“Fast & Furious Presents: Hobbs & Shaw” (M) *** and a half
NO, I haven’t abandoned my distaste for movies based on inter-galactic graphic novel characters and situations. But I enjoy a good laugh. The ninth contemporary action offering in the Fast & Furious franchise came very close to making me laugh, if not at least to smile.
Writer Chris Morgan has a commendable talent for treating the ridiculous seriously. Stunt-man-turned-director David Leitch put that talent to good use. Dwayne Johnson as American diplomatic security service agent Luke Hobbs and his English anti-buddy Jason Statham as former British military man Deckard Shaw head the cast. English actress Vanessa Kirby plays Shaw’s brilliant fearless rogue MI6 agent daughter Hattie. And splendid London-born black actor Idris Elba plays the cyber-genetically enhanced anarchist arch-villain Brixton.
The drama centres on possession of a vial containing the only known supply of a rapid-acting virus that spreads faster than wildfire and has the debilitating effect of liquefying the internal organs of any human whom it attacks. Brixton’s task is to spread it about. Hattie has made contact with it and is hoping to thwart Brixton and destroy it while it incubates.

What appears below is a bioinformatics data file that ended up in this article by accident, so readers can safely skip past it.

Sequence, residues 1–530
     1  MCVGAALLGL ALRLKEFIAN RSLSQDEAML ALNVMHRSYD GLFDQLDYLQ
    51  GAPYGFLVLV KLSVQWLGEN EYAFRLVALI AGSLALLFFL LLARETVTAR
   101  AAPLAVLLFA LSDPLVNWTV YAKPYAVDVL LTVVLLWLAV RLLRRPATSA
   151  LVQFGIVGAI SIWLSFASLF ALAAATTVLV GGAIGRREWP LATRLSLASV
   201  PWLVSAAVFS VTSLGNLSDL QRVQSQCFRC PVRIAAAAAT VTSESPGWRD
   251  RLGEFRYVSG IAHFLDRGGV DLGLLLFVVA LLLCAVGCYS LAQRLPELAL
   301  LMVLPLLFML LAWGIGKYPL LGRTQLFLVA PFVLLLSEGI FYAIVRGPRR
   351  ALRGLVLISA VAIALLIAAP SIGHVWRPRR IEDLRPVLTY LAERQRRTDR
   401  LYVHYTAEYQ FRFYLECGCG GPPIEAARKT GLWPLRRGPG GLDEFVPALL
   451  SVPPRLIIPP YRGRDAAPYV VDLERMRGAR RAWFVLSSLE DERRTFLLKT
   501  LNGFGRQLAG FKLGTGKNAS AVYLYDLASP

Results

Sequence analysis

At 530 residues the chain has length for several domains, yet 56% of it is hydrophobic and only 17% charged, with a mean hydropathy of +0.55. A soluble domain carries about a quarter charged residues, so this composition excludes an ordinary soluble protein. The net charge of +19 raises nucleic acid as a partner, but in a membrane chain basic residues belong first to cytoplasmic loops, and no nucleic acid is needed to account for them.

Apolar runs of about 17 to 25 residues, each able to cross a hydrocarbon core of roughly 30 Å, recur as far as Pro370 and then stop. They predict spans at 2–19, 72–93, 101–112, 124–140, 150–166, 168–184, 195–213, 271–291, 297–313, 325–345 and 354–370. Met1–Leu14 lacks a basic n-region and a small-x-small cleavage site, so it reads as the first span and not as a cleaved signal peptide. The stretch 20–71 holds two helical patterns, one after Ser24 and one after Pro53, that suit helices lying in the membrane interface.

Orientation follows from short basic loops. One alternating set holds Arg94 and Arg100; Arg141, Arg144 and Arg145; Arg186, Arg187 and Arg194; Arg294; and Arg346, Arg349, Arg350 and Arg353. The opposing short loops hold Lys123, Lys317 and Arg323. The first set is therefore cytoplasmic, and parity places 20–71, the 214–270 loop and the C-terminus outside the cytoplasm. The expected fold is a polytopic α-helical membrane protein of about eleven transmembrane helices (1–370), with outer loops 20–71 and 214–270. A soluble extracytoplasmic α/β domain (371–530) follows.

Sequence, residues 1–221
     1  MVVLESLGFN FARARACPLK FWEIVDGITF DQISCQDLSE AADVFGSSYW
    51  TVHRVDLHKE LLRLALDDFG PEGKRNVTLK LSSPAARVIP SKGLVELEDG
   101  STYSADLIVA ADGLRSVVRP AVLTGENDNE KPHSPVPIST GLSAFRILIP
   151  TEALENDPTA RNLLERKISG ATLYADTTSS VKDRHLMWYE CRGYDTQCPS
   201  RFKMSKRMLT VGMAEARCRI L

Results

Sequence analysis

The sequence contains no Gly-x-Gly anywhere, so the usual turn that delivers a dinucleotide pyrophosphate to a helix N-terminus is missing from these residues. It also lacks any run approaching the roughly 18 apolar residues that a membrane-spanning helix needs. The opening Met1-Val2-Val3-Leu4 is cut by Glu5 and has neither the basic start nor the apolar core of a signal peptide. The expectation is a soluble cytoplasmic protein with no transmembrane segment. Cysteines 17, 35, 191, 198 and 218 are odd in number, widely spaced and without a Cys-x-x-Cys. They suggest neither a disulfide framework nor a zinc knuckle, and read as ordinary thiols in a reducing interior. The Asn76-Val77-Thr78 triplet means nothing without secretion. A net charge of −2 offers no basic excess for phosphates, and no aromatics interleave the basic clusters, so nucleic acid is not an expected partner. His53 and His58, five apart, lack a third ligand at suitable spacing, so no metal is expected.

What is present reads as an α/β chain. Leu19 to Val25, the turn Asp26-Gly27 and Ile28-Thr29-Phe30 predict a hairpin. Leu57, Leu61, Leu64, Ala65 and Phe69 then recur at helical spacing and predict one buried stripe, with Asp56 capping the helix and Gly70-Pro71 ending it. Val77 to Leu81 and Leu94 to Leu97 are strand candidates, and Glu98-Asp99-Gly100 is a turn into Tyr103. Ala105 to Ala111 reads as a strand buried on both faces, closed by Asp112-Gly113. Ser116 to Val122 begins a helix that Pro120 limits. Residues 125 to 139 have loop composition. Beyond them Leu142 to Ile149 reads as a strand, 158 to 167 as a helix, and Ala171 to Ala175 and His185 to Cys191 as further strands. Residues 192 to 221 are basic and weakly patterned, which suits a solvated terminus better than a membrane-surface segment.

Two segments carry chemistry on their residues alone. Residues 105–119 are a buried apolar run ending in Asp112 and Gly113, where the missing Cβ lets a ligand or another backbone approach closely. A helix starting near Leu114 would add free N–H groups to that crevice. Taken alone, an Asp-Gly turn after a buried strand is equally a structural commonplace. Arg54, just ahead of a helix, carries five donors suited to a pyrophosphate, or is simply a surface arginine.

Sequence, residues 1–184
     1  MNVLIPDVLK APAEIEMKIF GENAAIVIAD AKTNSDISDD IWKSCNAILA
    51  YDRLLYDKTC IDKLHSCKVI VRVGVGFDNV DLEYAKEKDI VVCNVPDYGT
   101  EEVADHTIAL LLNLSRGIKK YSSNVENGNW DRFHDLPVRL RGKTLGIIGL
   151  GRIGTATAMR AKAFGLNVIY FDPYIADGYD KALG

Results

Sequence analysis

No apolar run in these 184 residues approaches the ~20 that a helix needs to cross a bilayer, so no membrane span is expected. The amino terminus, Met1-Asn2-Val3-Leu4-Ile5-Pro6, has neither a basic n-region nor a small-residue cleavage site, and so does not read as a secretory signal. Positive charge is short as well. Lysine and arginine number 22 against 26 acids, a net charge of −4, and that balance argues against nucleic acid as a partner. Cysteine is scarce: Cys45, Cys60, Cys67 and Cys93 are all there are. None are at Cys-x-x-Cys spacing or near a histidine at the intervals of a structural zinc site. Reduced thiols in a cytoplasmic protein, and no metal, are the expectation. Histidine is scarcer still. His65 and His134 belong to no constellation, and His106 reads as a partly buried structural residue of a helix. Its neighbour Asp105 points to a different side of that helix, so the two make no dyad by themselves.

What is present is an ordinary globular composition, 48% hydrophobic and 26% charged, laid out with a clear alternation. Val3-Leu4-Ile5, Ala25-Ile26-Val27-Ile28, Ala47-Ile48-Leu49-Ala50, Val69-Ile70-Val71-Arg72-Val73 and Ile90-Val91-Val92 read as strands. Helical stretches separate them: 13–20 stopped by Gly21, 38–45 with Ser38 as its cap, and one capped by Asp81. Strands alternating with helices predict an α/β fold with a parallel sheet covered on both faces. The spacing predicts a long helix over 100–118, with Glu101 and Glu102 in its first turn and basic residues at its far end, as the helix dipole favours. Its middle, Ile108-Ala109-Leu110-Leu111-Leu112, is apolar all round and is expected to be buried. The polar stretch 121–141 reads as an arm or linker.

Those elements under-pin 140-minutes of vigorous action, widespread destruction and stunts crazy enough to satisfy any level of escapist yearnings. The word-play may be a tad juvenile but it’s smart and incongruous enough to leaven the violent mixture. The climax takes place among Hobbs’ family in Samoa (played by Hawaii’s 8th-largest island). For sheer imaginative absurdity and mindless, expensive-looking fun (mostly created by several huge computer graphics teams) the film is hard to beat.
Production is currently under way on the final, 10th, film in the franchise, with Charlize Theron playing the villain. I can hardly wait.
At all cinemas